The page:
With both Susie and Ted unavailable to tag along for Sunday’s adventure, I had some choices to make as to what peak I was going to climb. I could try for Groan Benchmark, which Susie did a couple of weeks back when I was in Joshua Tree but did not like the 6+ miles of off-road solo driving to the trailhead. That really only left Coyote or Travelers Peak as options. I settled on Travelers Peak since it was the shorter of the two.
Passing through Ramona, I caught a wonderful pre-dawn glow. Too bad Ted wasn’t along for the ride, as he would have been all over it. I could see the snow still up on the mountains as I neared Santa Ysabel. Hopefully, I will be done before all the folks who will be heading to the mountains to play in the snow head back into town. I snapped a few photos of the snow-capped Thimble and San Ysidro before making my way down to the desert floor. Just about halfway down, I quickly stopped as some borregos (sheep) were making their way across the road. I grabbed my camera and began snapping away, and managed to get several nice shots. This was the first time I had seen them up here, as my previous sightings have all been further south. I took it as a good omen for the day’s adventures.
After making a quick bio-break at Hellhole Canyon, I cruised through town and out toward the turnoff to the Calcite Mine. The first time I hiked this area, we had parked right next to the road. The second time, I drove partway in before stopping. This time, I figured I could drive all the way to Calcite Mine and start from there, saving some mileage and elevation. As I made my way up the road, it was in great shape. In fact, about partway up, a minivan was parked at a turnout. I thought, “What is Leslie Adams doing out here…?” I had recalled there was one possible rough spot near the end of the road, but it appears that has been resolved. Another Subaru was parked there when I arrived. The driver was just making his way down from exploring partway up the use trail. We chatted a bit, then I set off.
The weather was pleasant as I began working my way up the use trail. The first part of the hike has a very nicely defined use trail from folks exploring just a bit of the ridge once they make it up here, but after the first bump or so, it begins to fade a bit. The route basically follows the ridgeline the entire way to the summit. The challenge of this hike is three-fold, with the first being the steepness. In the 1.3 miles to the summit, I would climb over 1,600 feet. The second challenge is the nature of the Santa Rosas. The geology of this range tends to be crumbly earth, so that is something to contend with. The final challenge is this ridge is often quite narrow. If you have done Mt. Baldy via Devil’s Backbone, that is what you can expect for several sections.
I kept a careful and measured pace as I worked my way up. There is very little plant life on this trail, so at least I did not have to worry about that. Several times the route encounters a section that will give you pause as to how you are going to overcome it. For the first two, I took a route to the right. This allowed me to safely avoid a real up-climb.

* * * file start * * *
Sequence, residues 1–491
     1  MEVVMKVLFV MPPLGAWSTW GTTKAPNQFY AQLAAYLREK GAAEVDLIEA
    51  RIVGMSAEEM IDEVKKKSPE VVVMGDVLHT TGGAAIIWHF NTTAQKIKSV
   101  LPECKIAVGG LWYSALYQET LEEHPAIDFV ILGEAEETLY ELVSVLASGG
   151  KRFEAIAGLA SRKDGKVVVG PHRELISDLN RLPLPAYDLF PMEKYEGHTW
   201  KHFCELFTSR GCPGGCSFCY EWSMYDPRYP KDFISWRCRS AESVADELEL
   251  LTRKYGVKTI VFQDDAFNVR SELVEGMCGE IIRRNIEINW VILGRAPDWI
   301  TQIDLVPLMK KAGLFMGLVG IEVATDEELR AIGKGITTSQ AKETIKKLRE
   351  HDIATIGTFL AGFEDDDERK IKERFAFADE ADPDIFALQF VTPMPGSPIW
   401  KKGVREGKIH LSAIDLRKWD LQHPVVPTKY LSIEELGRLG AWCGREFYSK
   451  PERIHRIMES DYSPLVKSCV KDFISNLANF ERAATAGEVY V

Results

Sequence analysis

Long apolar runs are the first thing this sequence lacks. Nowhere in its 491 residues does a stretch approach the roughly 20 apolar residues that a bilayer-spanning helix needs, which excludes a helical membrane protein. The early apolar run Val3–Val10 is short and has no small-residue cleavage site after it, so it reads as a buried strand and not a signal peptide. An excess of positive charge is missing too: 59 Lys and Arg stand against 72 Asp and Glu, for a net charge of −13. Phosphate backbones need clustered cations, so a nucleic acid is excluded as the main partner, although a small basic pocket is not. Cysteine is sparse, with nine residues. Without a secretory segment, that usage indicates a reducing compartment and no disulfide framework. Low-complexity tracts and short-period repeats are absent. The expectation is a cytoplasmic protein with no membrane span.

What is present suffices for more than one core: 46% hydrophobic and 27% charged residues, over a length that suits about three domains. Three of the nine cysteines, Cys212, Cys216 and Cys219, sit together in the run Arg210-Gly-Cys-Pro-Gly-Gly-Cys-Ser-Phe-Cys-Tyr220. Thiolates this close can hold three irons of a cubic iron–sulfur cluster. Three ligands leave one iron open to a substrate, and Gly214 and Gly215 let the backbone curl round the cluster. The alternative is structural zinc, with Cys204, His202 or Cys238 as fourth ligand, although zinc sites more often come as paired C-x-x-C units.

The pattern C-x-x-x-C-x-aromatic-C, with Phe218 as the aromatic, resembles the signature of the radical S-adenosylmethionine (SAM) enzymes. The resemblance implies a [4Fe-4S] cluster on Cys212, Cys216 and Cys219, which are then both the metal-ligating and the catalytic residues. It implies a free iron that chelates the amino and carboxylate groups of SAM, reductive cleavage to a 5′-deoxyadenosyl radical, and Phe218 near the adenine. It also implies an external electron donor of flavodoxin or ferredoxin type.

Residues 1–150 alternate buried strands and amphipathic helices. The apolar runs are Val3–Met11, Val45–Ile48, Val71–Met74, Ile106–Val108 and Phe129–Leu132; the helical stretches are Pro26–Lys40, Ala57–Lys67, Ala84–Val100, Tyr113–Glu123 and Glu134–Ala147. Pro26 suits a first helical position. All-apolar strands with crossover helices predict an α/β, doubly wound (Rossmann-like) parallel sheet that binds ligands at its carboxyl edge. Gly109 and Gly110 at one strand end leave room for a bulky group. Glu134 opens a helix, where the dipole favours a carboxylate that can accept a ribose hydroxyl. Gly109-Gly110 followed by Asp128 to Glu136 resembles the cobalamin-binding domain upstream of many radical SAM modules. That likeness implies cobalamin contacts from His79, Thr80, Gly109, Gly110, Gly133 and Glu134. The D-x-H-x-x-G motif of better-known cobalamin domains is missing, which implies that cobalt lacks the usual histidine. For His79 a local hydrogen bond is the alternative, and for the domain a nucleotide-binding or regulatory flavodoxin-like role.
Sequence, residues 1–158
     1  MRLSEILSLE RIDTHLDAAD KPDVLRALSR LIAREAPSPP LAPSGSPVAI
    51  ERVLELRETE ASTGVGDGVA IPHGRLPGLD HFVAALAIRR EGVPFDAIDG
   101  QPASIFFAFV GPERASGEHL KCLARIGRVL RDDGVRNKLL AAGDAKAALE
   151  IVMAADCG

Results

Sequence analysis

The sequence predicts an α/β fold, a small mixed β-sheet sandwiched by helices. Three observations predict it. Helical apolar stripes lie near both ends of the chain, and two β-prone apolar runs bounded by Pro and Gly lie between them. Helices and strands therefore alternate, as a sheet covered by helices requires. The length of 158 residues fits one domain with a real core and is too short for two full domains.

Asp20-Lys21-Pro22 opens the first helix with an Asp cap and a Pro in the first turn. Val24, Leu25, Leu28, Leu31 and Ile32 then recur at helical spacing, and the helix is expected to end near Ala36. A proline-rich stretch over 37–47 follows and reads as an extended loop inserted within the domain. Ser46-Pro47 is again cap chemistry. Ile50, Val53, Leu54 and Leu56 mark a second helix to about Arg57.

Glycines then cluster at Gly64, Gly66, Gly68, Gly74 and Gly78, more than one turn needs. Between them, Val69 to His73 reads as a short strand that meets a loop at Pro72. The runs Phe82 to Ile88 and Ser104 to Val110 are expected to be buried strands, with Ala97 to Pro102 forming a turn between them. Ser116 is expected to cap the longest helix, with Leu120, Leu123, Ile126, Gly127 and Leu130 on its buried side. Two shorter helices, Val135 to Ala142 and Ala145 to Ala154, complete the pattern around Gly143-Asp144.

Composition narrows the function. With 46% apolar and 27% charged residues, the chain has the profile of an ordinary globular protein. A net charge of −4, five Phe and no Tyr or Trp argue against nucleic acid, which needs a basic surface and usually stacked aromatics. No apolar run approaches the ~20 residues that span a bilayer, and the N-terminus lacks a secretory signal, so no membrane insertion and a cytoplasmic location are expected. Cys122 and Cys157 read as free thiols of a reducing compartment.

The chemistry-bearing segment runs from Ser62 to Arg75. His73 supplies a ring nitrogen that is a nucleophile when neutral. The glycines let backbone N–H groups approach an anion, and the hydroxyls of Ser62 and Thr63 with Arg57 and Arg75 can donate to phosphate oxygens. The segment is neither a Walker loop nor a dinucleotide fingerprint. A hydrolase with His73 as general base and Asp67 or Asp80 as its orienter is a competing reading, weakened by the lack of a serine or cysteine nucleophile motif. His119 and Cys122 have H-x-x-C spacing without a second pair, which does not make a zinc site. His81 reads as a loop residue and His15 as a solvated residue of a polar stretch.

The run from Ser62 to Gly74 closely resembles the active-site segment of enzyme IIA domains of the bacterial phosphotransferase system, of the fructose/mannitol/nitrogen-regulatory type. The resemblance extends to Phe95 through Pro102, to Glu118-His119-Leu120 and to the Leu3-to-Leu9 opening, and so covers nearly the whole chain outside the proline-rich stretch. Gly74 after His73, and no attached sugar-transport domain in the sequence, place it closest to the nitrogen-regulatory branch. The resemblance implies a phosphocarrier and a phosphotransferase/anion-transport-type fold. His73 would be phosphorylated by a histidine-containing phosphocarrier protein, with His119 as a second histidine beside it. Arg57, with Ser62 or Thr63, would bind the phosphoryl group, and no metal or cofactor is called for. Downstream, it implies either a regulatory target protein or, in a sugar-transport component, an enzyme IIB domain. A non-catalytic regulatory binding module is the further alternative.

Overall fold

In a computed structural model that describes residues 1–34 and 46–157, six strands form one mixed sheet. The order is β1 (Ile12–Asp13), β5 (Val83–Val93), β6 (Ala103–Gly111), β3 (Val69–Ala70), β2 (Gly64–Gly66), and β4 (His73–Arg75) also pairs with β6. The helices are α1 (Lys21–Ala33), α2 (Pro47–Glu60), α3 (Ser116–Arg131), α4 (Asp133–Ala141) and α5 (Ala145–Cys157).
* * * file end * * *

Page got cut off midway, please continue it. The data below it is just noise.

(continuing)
I continued plodding on toward the summit, pausing to snap a photo from time to time. As I neared the summit, I stood before a doozy of a challenge, but I recalled that the way to bypass this was to take the route to the left. Even the bypass was still a real challenge, as it required using my hands to safely navigate it. Ted is going to hate doing this peak…
Finally, the summit came into view. I slipped off my pack and soaked in the view. The Salton Sea was very clearly visible to my east. I forget how big it is. Usually, I am looking from much further west. Off to my north was Marble Peak and beyond that Rosa Point. My views to the south and west were equally stunning. The snow-capped mountains were a nice treat. I signed the register and enjoyed a snack. I realized later I forgot to snap new photos of the reference marks…oh well. Once I was ready I began my careful descent.
I took it slowly and carefully, and in fact several times, I sat down and worked my way down a challenging section or two. The sun would glint off my windshield way down below. It is always nice to know it is still there.
Soon, I was back at the car and had crossed another peak off my x2 list. A Jeep had driven up and we chatted a bit while I was stowing my gear. It was still early and I debated if I wanted to go explore something else. I considered driving out to Fonts Point, or maybe hiking out to Hans Benchmark. But in the end, I decided to explore a small section of the California Riding and Hiking Trail near Ranchita. This would let me have a little fun in the snow. The entire hike logged in at 2.6 miles with 1,642 feet of elevation gain. Including my time at the summit, took me 3:26 to complete.
I am an avid peak bagger, sometimes backpacker, and former sea-kayaker living in San Diego. In 2019, I became the third person to complete the San Diego 100 Peak Challenge. Not stopping with that accomplishment, I set my sights on the harder San Diego Sierra Club 100 Peak list, which I completed in 2021. In addition, I have conquered several Six-Pack of Peaks challenges (SoCal, San Diego, and Arizona-Winter). Beyond attempting the San Diego Sierra Club 100 Peak list a second time, I am looking forward to exploring new summits and new adventures across the southwest.